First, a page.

A new Australian study presents evidence that wind turbine health effects are actually all in the head of the complainants, a finding with strong repercussions for Canada.
Led by Simon Chapman of the University of Sydney, the researchers examined records of complaints about all of Australia’s 49 wind farms, dating back to the country’s first turbine in 1993.
With a single exception, every health complaint has come after March 2009, showing a strong correlation with the anti-wind awareness campaigns focused on health which began a few years earlier. Until 2004, neither local opponents to wind farms nor anti-wind groups had reported or warned about adverse health effects.
The authors built on the work of a New Zealand research team, which recently exposed volunteers to both real and fake infrasound after presenting them with information about the health symptoms caused by infrasound. In the double-blind study, participants with the expectation of adverse effects were significantly more likely to report the suggested symptoms.
The phenomenon – that the power of suggestion can cause genuine symptoms – is well documented. In a seminal 1981 study by Schweiger and Parducci, two thirds of college students reported mild headaches when told that an electric current was passing through their head. The current was imaginary.
It’s called the nocebo effect. It’s exacerbated by media hyperbole, and there’s good reason to worry that at least some portion of health-related, anti-wind sentiment in Canada is being driven by psychosomatic expectations.
A recent Ontario study scoured newspapers across the province for frightening terms in wind articles, including “dread,” “poorly understood by science” and, most ominously, “inescapable exposure.” These cropped up in significant quantities in small community newspapers near wind farms. The authors conclude that the terms used “in articles about wind turbines and health [...] may produce fear, concern and anxiety for readers.”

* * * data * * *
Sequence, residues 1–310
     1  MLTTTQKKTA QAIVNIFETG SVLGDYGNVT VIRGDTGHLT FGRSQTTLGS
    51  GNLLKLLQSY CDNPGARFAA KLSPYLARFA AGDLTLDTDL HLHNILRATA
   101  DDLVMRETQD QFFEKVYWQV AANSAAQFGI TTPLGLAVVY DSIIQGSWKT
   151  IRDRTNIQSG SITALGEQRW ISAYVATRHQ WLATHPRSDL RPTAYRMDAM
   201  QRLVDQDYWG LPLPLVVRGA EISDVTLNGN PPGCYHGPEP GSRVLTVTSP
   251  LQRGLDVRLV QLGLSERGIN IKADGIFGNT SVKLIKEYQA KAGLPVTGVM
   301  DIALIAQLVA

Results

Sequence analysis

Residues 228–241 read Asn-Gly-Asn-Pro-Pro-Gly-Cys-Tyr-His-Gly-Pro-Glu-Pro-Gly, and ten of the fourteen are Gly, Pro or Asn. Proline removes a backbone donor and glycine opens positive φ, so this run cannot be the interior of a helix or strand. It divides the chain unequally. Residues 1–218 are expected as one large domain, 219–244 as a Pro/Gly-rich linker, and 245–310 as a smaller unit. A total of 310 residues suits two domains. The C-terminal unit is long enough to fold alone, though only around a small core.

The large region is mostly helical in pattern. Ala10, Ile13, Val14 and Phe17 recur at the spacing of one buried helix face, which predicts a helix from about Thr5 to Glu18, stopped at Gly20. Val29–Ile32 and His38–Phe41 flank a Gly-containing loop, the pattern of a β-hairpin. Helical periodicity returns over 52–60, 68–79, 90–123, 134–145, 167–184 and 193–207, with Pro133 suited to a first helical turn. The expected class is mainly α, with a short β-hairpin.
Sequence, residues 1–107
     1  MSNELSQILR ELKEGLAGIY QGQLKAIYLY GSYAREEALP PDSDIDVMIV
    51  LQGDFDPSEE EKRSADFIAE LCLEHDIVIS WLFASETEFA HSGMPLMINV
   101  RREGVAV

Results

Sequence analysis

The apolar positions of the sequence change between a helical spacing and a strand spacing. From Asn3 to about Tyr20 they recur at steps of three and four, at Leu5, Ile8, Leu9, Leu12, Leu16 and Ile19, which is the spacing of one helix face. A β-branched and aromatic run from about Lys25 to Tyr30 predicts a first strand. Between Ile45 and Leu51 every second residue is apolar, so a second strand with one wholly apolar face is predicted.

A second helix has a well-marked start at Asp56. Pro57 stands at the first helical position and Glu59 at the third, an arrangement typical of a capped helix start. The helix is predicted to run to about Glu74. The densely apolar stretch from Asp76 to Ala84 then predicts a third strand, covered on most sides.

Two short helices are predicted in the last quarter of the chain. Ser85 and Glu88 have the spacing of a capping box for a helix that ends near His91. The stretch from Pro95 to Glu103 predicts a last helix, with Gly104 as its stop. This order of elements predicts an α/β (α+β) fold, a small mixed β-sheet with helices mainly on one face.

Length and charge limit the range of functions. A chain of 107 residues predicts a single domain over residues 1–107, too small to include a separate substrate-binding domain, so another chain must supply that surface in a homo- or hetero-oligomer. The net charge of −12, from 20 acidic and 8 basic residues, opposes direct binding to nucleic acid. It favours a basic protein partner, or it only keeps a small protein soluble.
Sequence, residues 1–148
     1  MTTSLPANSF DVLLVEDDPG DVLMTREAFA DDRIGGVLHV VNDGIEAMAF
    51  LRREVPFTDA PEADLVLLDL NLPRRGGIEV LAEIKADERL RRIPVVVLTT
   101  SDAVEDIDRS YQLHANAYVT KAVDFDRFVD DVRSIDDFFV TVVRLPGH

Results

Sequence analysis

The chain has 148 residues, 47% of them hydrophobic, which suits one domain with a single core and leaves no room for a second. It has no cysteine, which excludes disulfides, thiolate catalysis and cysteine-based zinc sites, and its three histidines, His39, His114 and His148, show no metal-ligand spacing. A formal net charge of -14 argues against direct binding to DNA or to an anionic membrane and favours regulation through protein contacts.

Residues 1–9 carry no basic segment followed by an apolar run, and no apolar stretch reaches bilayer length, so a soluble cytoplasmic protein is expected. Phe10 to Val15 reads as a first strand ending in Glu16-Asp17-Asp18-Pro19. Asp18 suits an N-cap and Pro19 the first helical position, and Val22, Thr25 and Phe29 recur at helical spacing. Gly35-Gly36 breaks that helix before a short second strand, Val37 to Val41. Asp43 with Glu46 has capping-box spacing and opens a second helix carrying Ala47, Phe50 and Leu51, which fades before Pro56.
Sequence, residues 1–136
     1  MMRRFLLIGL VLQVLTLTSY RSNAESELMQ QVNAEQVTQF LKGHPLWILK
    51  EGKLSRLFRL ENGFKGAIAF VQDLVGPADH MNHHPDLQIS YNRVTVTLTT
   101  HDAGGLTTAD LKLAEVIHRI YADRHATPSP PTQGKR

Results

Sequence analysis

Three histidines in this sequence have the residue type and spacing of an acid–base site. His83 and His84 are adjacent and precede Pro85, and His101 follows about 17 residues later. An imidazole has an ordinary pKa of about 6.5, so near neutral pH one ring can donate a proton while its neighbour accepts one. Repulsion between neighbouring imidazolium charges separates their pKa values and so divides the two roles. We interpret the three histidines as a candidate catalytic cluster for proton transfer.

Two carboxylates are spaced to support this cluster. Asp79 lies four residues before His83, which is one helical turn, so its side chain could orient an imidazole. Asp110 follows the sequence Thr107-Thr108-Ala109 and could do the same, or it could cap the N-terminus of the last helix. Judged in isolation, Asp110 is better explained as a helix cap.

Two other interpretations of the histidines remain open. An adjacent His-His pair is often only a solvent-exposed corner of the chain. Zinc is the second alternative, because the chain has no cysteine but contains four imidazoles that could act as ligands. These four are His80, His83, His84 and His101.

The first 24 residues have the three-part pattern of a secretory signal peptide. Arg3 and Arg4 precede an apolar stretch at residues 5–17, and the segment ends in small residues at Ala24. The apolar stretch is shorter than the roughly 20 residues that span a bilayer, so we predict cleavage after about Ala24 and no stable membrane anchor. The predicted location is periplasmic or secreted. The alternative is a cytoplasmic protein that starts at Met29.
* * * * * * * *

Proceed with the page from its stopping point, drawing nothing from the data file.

It’s hard to imagine that what has been true of human nature in Australia has not been true of human nature in Canada.
Certainly there have been plenty of health complaints from residents with windmills for neighbours.
Just in Ontario, the Ministry of the Environment has received over two hundred health complaints related to wind turbines. At least one private wind company has been hit by a $1.5 million lawsuit over alleged health impacts.
The family who launched the lawsuit have blamed nearby wind turbines for the following: “debilitating vertigo, sleep disturbance, headaches and ringing in the ears, as well as stress, depression and even suicidal thoughts.”
Are they imagining things? It would be nearly impossible to say.
Without scans to see inside the brain,an electric current passing through one’s head look exactly the same from the outside as does a fake electric current passing through one’s head. Moreover, it’s difficult to quantify to what extent psycho-somatic pain is or isn’t real pain.
Nevertheless, it’s likely that some percentage of those hundreds of complaints have been brought on by fear-raising rhetoric. Rather than attempt to evaluate the validity of individual claims, we might begin by taking aim at the kind of sweeping hyperbole that leads to these health problems.
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